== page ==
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Religious minorities’ right in Meghalaya

 

Editor,

            In the midst of the present controversy about whether Niam Khasi-Niam Tre (or Niam Khasi and Niam Tre as variously referred to in the PIL plaint) is a religion or not, let me stick my neck out by saying that the Constitution has not defined the term Religion. Therefore the term should first be defined to obviate any misunderstanding about the intention and action of the powers that be. That said, I would like to remind the Khasis (including Synteng/Pnars) that the Niam Khasi is known as the Niam-Kur (Clan-Religion) which means that every Kur (clan) has its own mores for governance of the Kur: as is generally known and acknowledged by the members of the Khasi-Pnar/Khasi-Synteng community themselves.

            In the context of the National Commission for Minorities Act, 1992, Christians do not fall within the definition of religious minorities in Meghalaya. Since the Khasi religion is a Niam-Kur (Clan-Religion), every Kur (Clan) which has not embraced other religions is a minority group.

            From the above statement it is clear that those who subscribe to and accept the tenets of what may be called Niam Khasi or Niam Tre or Niam Kur – Khasi Nylla – have every right to claim minority status in Meghalaya.

            On hind sight we note that the hard feelings between the so-called Khasi-Nylla and Khasi-Kylla which have been roused by the PIL filed by Smti. Khasimon Phanbuh and Shri. Powell P. Lyngdoh is much ado about nothing. The problem arose because of the incompetence or ignorance or shallow-mindedness of our legislators – MDCs, MLAs and MPs. Way back in 1992 these worthies should have raised Cain over the issue of religious minorities.

            It took almost two decades for the provisions of the National Commission for Minorities Act, 1992, to percolate down to the level of the Community and Rural Development Department of the Government of Meghalaya to rouse their conscience to send their letter No.CDD.108/99/49, Dated Shillong, the 19th May, 2009, to all the Project Directors of districts in Meghalaya on the Subject of Certificate in respect of Minority households. Stranger still is the fact that it took more than two decades for Rural Housing Division of the Ministry of Rural Development of Govt. of India to originate their letter No L-11019/1/2013-RH (RBC) addressed to the Secretary, Dept of Rural Development, Govt. of Meghalaya, Shillong under cover of their letter No. Nil dated 10.07.2014. Since they have not done their homework we are now left with this baby in the dirty bath-tub. Should we now throw the baby out along with the dirty bath-water?

Yours etc.,

Morning Star Sumer,

Shillong – 2

The protruding tree

Editor,
Through this letter I wish to highlight the importance of keeping the tree intact , even if it is has become an inconvenience to the public. Its importance to understand that Environmental degradation is the
deterioration of the environment through depletion of resources such as air, water and soil;  the extinction of plant and wildlife and the destruction of ecosystems .Please understand that  the Protruding Tree is also  part of that ecosystem and if we disturb that we are the ones
who will  be at the receiving end.

Yours etc.,
D Syiem,
via email

Of pseudo liberals

Editor,

While the child Narendranath experimented with hookahs used by different communities to experience how one “loses” his caste or religion, the matured Swami Vivekananda advocated for universal brotherhood and equality of all. Though Vivekananda was a proud Hindu as well as Indian, that did not deter him from pointing out the vices that had plagued the religion and the nation. Also neither did he try to impose his religious beliefs upon other communities nor project Hinduism and India as superior to others; rather his true love for his own religion and country got translated into love and respect for all religions and humanity as a whole.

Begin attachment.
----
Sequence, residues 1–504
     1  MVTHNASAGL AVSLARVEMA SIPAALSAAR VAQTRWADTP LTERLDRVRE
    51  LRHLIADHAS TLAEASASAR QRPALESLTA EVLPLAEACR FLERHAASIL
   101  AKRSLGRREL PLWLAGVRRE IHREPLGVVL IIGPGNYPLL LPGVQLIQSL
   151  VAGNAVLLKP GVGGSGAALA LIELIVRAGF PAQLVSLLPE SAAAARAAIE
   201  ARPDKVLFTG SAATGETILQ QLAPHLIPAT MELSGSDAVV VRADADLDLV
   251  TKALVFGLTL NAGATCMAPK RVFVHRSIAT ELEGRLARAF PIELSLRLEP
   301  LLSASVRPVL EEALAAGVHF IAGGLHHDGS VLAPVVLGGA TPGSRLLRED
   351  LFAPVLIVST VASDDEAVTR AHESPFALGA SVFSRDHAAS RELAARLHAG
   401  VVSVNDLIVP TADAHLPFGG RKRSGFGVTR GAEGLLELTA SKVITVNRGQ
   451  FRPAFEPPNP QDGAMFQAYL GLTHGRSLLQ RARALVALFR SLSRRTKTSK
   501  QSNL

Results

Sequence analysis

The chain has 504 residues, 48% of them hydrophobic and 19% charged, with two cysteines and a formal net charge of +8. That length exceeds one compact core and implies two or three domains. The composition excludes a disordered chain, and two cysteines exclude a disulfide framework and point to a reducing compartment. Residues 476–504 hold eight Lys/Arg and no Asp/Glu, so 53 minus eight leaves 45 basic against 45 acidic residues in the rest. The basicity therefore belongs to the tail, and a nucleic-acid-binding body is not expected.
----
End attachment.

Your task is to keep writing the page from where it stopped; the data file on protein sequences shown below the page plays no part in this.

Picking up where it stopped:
It is indeed a disgusting sight when the rabid orthodox pseudo-nationalist merchants of hatred, who have emerged as the self-declared “guardians” of Hindus  and “holy cows” and can’t hold a candle to the liberalism of the great sage, dare to project the humanitarian harmony-personified Swami Vivekananda as one of their “icons”!

 Yours etc.,

Kajal Chatterjee

Kolkata

Changing Attitudes

Editor,

With time, the attitude of people towards life has changed. These days people do the same things, but in a different manner. But can these new methods beat the classic ones? For eg- These days people like to play football or cricket or any other sport on gaming consoles and phones instead of going to the ground. I’m not saying that it is a negative thing but I think that people should go to the ground and
experience the real fun at least once in a while. This will also help people physically. Parents should also encourage children to play outdoor games when small. Once done regularly, a child will never take
the back turn. These days people do not live in the moment. In reality these days, people see too far into the future instead of getting lost in the moment. When this attitude changes, people will enjoy their lives more than ever.
These days, I see that children play too many violence based games. It is clearly written on the packet of such games-‘VIOLENCE (18+). But the shopkeepers don’t seem to care as well. Even parents blindly
purchase such games for their children. Such games tend to change the mentality of children. They lead to ‘violent mental development’ of the child. Later if the child does something wrong, who takes the blame? Where has that responsibility gone? People need to take ‘Collective responsibility’ to make their own and lives and that of others better.

Yours etc.,

Pratham Sharma,

Via email

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